I have COPD. Why is it important for me to exercise?
If you have Chronic Obstructive Pulmonary Disease (COPD), regular exercise can help you feel better and breathe easier. Exercise strengthens the breathing muscles in your chest which helps to ease shortness of breath.
Regular exercise offers many other health benefits for people living with COPD. Exercising regularly can:
- reduce the risk of COPD flare-ups. Exercise helps to keep your body healthy and to fight off infections.
- help to maintain a healthy body weight. Extra weight (especially in the stomach area) can press on the muscles used for breathing and make it harder to breathe.
- prevent you from falling into a “downward spiral.” Sitting still is hard on your body. It weakens your heart and lungs and makes your muscles less fit. Inactivity can actually make you feel more tired and short of breath, which makes you even less motivated to stay active.
- reduce feelings of stress and loneliness. Going out for a walk not only helps to strengthen your lungs, but it also boosts your mental and emotional well-being.
- help to maintain your independence. Regular activities like walking and breathing exercises can help give you the energy to continue doing day-to-day tasks like grocery shopping and cooking meals.
How do I get started?
It's important to talk to your doctor before starting any exercise program. Your doctor can tell you which activities are best for you and help you to plan an exercise program based on your abilities.
If you're a beginner, you might find exercising hard at first because COPD can make you feel very tired. But over time, as your lungs and heart become stronger, it will get easier. Remember, the more activity you do, the more you'll be able to do.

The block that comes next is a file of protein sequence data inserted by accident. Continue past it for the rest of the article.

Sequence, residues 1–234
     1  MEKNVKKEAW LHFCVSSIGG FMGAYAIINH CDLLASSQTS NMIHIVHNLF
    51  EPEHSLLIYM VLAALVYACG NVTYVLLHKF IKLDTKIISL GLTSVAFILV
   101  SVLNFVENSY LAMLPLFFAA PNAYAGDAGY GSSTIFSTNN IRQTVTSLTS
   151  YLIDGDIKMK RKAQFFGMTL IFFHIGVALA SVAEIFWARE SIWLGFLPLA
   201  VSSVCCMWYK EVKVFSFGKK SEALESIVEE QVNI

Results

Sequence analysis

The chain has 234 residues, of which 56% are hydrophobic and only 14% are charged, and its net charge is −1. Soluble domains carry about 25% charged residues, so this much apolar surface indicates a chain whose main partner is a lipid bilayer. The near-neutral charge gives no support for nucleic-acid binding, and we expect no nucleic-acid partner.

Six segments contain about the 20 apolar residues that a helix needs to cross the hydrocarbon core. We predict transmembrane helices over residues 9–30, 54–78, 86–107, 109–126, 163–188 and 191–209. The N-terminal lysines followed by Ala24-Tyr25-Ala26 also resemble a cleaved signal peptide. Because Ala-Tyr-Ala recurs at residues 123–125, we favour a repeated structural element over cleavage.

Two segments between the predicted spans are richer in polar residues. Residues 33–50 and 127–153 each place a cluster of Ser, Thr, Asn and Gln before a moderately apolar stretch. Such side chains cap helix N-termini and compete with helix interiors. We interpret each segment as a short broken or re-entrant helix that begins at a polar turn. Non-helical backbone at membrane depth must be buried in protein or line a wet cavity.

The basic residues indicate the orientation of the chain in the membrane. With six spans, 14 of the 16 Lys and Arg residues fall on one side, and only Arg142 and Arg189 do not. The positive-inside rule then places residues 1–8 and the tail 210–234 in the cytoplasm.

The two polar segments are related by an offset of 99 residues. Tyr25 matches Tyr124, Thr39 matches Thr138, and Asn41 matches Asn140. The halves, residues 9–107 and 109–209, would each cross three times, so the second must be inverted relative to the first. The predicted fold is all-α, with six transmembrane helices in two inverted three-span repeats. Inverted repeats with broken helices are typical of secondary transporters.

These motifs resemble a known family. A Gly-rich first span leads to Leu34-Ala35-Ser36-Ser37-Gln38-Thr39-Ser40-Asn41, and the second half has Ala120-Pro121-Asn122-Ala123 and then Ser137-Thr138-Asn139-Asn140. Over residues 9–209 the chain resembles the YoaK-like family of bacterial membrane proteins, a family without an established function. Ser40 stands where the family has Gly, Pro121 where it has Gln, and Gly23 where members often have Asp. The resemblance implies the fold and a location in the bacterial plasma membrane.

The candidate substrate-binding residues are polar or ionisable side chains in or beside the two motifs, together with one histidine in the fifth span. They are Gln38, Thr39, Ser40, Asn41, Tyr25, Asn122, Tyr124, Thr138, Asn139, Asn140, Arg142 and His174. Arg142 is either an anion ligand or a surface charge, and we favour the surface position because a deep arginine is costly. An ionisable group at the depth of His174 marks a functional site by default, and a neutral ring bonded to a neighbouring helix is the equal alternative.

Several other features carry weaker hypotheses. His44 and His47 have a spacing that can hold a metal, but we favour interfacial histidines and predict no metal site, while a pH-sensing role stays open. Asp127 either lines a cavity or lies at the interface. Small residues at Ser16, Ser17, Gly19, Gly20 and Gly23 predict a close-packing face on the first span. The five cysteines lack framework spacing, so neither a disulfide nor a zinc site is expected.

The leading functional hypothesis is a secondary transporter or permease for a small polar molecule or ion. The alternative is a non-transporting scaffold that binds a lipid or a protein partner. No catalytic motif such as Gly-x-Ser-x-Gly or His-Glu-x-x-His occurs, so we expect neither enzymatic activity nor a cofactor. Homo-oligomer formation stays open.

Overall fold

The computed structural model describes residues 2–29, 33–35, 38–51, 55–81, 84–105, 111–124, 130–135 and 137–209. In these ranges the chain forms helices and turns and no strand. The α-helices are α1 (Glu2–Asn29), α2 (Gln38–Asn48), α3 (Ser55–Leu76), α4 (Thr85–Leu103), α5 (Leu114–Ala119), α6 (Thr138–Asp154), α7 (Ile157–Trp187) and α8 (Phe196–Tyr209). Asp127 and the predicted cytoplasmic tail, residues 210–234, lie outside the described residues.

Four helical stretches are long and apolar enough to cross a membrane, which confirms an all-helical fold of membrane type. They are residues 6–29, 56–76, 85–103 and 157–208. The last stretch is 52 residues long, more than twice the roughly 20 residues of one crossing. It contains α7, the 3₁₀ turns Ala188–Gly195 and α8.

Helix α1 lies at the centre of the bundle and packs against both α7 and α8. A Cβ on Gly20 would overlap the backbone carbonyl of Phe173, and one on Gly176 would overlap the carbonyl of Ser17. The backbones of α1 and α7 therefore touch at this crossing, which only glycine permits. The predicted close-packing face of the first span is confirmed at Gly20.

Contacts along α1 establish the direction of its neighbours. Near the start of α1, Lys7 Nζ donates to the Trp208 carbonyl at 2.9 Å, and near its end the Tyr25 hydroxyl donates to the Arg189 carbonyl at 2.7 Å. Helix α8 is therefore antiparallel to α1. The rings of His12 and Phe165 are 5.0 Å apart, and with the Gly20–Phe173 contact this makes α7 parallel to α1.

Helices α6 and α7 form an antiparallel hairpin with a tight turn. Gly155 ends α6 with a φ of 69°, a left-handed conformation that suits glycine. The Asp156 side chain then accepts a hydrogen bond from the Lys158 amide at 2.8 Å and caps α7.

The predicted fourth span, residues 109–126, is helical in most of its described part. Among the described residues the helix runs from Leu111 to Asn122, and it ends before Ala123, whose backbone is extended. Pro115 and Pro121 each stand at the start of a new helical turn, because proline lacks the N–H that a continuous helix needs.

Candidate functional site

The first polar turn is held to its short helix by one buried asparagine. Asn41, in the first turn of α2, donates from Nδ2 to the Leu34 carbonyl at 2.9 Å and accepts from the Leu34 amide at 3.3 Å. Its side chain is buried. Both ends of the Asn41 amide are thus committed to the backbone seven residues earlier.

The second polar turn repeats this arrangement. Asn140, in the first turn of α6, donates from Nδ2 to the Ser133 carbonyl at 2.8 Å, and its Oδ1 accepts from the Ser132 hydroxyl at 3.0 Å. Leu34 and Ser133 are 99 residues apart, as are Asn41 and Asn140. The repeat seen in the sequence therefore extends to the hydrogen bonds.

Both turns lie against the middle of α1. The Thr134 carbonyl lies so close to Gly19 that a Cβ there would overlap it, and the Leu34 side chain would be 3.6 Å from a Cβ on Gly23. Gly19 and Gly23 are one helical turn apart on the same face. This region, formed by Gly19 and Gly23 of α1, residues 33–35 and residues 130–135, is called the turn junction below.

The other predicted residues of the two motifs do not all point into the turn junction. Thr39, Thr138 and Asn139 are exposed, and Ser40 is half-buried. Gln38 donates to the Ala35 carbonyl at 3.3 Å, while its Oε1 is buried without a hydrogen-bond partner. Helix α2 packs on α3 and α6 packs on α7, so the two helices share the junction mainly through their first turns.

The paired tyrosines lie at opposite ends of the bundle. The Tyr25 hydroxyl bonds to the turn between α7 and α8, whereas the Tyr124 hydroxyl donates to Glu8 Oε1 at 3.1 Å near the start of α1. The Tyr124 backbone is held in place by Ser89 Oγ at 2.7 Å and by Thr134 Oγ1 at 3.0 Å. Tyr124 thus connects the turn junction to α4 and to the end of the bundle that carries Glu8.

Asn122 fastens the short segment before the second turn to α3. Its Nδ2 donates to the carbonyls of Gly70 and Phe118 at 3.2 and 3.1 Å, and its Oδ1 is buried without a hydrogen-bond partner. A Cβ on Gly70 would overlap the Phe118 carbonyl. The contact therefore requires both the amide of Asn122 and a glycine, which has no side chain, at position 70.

Keep in mind that your exercise program doesn't have to be complicated or expensive. Stretching, breathing exercises and a daily walk, are a great way to start. The key is to find something you enjoy and then stick with it.
Is pulmonary rehabilitation right for you?
Pulmonary rehab is more than just an exercise program. It's a specially designed program that includes exercise training, nutrition advice, education about COPD and how to manage it, and counselling. Pulmonary rehab involves a team approach - usually, the team includes doctors, nurses, physiotherapists, respiratory therapists and dieticians, who work together to manage the different parts of the program. The goal of pulmonary rehab is to improve your quality of life. Ask your doctor whether a pulmonary rehab program is right for you.
Can I still exercise if I'm on oxygen therapy?
Yes, you can learn how to exercise even if you are on oxygen therapy. And for the most part, oxygen therapy doesn't have to limit the types of activities you enjoy. Many COPD patients who are on oxygen are able to lift light weights, bike and dance. Some COPD patients need supplemental or “extra” oxygen only during exercise. Others need oxygen all of the time. Whatever your needs, your health care team can give you practical tips on how to choose the right activities for you.
- Talk to your doctor before you start any exercise program. Your doctor can help you to decide the level of exercise that's right for you and may advise you to take medication before exercising.
- Do what you love. If you do activities you enjoy, you'll be more likely to continue doing them. Try a few different activities until you find one you like.
- Beware of COPD triggers (things that can set off your symptoms). These triggers can include smog, pollution, wind, cold or humid air. Exercise indoors temporarily to avoid these triggers.
- Establish an exercise schedule and set goals. If you are new to exercise, you might work toward walking 10 minutes around your house, and build gradually from there.
- Pace yourself. If you feel dizzy or unwell, stop what you're doing and rest. Reaching your fitness goals will take time, especially if you are a beginner.
- Give yourself credit! By taking active steps to improve your fitness, you are making your life with COPD more liveable.